The roots of the name Retfeard are found among the Strathclyde-Briton people of the ancient Scottish/English Borderlands. Retfeard was originally found in Midlothian
. However, the Retfeard family name comes from any of several place names in England
called Redford, from Old English re-ad
meaning "red" and ford,
meaning "a place where a river can be crossed."
Early Origins of the Retfeard family
The surname Retfeard was first found in Midlothian
, where they held a family seat
from early times and their first records appeared on the early census rolls taken by the early Kings of Scotland
to determine the rate of taxation of their subjects.
Early History of the Retfeard family
This web page shows only a small excerpt of our Retfeard research.Another 229 words (16 lines of text) covering the years 1611, 1612, 1688 and 1547 are included under the topic Early Retfeard History in all our PDF Extended History products and printed products wherever possible.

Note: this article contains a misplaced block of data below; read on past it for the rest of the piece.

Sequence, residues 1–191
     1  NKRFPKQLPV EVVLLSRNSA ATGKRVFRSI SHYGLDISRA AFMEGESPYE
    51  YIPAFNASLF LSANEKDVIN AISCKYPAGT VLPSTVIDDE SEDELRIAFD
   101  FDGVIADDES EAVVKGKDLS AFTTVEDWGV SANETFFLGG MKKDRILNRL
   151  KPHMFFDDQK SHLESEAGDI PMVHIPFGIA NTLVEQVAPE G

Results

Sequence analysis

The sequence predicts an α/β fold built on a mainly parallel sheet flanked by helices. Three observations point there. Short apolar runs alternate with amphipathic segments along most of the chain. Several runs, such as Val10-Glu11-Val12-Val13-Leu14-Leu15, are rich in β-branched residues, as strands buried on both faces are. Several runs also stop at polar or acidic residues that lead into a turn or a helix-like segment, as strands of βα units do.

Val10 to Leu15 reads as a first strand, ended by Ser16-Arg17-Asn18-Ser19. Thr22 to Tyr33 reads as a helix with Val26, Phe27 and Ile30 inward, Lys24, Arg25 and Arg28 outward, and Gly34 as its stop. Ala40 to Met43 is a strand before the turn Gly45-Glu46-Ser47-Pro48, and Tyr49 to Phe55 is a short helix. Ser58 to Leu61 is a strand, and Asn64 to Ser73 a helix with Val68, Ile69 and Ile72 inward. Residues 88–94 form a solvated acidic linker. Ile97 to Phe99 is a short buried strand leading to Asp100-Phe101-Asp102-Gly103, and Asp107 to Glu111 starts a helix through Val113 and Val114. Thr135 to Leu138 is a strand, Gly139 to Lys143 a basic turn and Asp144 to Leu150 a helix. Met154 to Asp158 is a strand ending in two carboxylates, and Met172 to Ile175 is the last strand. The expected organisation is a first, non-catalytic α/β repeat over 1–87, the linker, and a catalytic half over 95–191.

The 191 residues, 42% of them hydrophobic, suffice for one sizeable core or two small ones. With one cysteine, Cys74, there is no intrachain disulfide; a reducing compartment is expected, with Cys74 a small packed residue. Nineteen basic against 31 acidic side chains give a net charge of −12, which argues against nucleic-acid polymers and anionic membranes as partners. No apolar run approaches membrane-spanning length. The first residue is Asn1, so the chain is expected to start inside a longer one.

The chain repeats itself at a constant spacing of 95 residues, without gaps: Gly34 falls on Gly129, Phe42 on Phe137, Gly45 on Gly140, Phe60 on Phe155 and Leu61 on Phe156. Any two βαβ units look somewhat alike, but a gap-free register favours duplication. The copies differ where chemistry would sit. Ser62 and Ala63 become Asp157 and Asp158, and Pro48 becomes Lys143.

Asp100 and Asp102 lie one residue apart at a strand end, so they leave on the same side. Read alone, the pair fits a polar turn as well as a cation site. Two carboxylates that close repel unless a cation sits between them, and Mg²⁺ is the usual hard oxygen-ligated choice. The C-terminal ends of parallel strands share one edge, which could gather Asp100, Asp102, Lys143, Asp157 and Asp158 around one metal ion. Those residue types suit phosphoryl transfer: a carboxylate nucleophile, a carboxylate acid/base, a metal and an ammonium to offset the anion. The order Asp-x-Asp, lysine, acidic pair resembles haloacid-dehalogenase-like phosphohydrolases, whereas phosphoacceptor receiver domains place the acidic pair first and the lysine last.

Retfeard Spelling Variations
It is only in the last few hundred
years that rules have developed and the process of spelling according to sound has been abandoned. Scottish names from before that time tend to appear under many different spelling variations
. Retfeard has been spelled Redford, Redfurd, Rudford, Reidford and others.
Early Notables of the Retfeard family (pre 1700)
Another 21 words (2 lines of text) are included under the topic Early Retfeard Notables in all our PDF Extended History products and printed products wherever possible.
Migration of the Retfeard family to the New World and Oceana
Unwelcome in their beloved homeland, many Scots sailed for the colonies of North America. There, they found land and freedom, and even the opportunity to make a new nation in the American War of Independence
. These Scottish settlers played essential roles in the founding of the United States, and the shaping of contemporary North America. Among them: John Redford settled in Bermuda in 1635; James, John and Thomas Redford all arrived in Philadelphia between 1840 and 1870.